The concierge mvp is an interesting concept because the lean startup method is all about eliminating waste and the concierge mvp seems wasteful from a distance. To a software developer, it doesn’t make sense to manually perform a task when you can get a software program to do it for you.
In one of Eric Ries’ posts, he shows how small batches can actually help you become more efficient. In the post, Eric tells the story of a father who has a content with this children to find the fastest way to mail a letter. The children suggested folding all the letters first, then stuffing the envelopes first, then sealing the envelopes, and finally inserting a stamp. The father suggested to mail each letter one at a time. Ultimately, the father wins. He wins because of the time it takes for the children to sort and stack after each step. There is more explanation in Eric’s post.
Real World Implications of Small Batches
Besides a simple contest between a father and children, there are many real world implications for small batches. When developing a business hypotheses, the successive steps are not always known. It’s simple to fold a letter, but it’s difficult to build a software project. For the first version of a software products, developers aren’t always sure of which feature should go next in a linear process. They often use their experiences to guess what a user wants next. But this is usually wrong. Often, a step in a software product will be the equivalent of stuffing a cucumber into the envelope instead of a letter. In hindsight, some software decisions are obviously wrong, but they don’t always have to be. In order to understand how wrong certain products can be, you need to walk with your customer through the problem/solution stages. There is no better way of doing this than using the concierge minimum viable product technique.
The Concierge Minimum Viable Product
If you’re unfamiliar with the concierge minimum product, your world is about to be turned upside down. The concierge mvp is a minimum viable product where you manually guide your user through the solution to a problem.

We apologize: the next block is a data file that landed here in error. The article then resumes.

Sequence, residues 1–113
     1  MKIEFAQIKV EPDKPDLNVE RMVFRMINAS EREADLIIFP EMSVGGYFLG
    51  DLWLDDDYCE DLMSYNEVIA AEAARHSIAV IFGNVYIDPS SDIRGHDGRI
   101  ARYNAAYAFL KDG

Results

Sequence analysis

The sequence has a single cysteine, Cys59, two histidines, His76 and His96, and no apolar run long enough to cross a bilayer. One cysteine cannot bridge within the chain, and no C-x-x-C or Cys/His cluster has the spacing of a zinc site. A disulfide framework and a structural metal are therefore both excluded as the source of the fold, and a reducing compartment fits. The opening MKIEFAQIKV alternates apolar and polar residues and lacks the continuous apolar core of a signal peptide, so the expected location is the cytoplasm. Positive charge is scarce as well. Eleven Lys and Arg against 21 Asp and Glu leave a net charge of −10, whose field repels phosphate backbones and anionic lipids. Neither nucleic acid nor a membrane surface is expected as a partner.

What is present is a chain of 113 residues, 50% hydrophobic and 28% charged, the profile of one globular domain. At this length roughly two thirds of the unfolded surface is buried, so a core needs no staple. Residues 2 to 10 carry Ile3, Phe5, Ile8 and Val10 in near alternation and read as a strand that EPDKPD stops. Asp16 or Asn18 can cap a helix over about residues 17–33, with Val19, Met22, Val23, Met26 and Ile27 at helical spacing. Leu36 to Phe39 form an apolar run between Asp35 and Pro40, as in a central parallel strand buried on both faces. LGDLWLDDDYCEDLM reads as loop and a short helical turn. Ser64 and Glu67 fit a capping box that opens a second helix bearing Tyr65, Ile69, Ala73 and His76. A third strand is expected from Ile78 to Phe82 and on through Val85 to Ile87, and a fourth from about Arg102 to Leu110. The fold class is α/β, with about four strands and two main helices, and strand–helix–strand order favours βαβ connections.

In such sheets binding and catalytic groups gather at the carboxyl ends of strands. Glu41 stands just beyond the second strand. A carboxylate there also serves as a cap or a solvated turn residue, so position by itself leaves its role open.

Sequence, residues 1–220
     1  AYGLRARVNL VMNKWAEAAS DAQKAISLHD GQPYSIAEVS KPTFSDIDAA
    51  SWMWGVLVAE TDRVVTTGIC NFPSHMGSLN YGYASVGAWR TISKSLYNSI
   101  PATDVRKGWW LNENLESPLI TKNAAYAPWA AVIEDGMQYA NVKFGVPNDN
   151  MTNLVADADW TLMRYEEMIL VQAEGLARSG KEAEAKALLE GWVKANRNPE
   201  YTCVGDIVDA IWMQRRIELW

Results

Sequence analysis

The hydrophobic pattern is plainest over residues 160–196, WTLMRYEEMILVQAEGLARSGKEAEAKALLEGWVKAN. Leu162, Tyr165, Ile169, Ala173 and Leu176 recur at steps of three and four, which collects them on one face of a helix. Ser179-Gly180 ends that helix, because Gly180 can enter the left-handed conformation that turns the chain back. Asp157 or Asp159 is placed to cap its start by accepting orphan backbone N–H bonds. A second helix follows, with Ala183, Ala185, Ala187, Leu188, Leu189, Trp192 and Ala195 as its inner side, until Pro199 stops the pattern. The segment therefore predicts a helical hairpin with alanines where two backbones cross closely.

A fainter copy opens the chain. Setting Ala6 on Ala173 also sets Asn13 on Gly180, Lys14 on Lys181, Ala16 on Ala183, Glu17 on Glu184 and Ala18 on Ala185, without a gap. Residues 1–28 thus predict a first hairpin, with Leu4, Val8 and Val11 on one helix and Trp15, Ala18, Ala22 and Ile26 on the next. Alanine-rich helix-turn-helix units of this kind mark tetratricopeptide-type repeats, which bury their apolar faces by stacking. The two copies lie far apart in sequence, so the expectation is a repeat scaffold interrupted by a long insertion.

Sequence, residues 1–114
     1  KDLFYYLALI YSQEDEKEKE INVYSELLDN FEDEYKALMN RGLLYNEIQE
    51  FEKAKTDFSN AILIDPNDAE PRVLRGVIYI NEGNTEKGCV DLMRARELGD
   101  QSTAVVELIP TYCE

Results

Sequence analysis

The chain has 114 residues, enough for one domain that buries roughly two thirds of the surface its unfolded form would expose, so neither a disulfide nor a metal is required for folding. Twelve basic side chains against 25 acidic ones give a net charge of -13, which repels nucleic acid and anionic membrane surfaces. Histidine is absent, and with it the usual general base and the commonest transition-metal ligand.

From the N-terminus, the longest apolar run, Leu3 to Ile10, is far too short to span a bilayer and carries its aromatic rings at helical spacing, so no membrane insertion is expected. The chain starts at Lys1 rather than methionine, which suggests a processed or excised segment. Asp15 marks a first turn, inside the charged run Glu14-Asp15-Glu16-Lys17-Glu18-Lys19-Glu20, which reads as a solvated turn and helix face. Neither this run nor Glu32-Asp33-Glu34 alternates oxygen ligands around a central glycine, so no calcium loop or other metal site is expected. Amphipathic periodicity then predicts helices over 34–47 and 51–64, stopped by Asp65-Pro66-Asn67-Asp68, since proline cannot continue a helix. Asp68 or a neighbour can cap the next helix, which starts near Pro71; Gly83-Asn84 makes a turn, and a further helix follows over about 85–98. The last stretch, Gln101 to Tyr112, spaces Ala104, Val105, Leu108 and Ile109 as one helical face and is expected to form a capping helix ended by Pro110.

An example would be an automatic couponing program. Let’s say you want a software program that will automatically send a user coupons based on the food they buy each week and help them decide which grocery store they will shop at to save more money. Instead of building software, first you would allow a user to tell you what they buy each week, maybe through an email or face to face, and then take the coupons and best grocery store to them each week. Soon, you’ll find out if/when the user doesn’t go to the grocery store, if savings really affects which grocery store they choose, and if they care about certain brands, and if so, in which food categories. You would learn a lot more by using this concierge mvp technique than by taking the enormous effort of building the web application. This will allow you to decide which ideas work from your initial hypothesis, and which ideas need to be scrapped.
The concierge minimum viable product is inefficient at solving a problem, but it’s not a long term solution for customers. It’s a short term solution to help you learn how to solve customer’s problems. The point of the concierge mvp, as the point with most mvp’s, is to maximize learning and mitigate risk of developing a crappy product. The point is to use the concierge mvp so that you don’t try to stuff a cucumber into an envelope.
Food on the Table is the current known best example of following the concierge mvp technique. Here’s a video of food on the table’s experiences.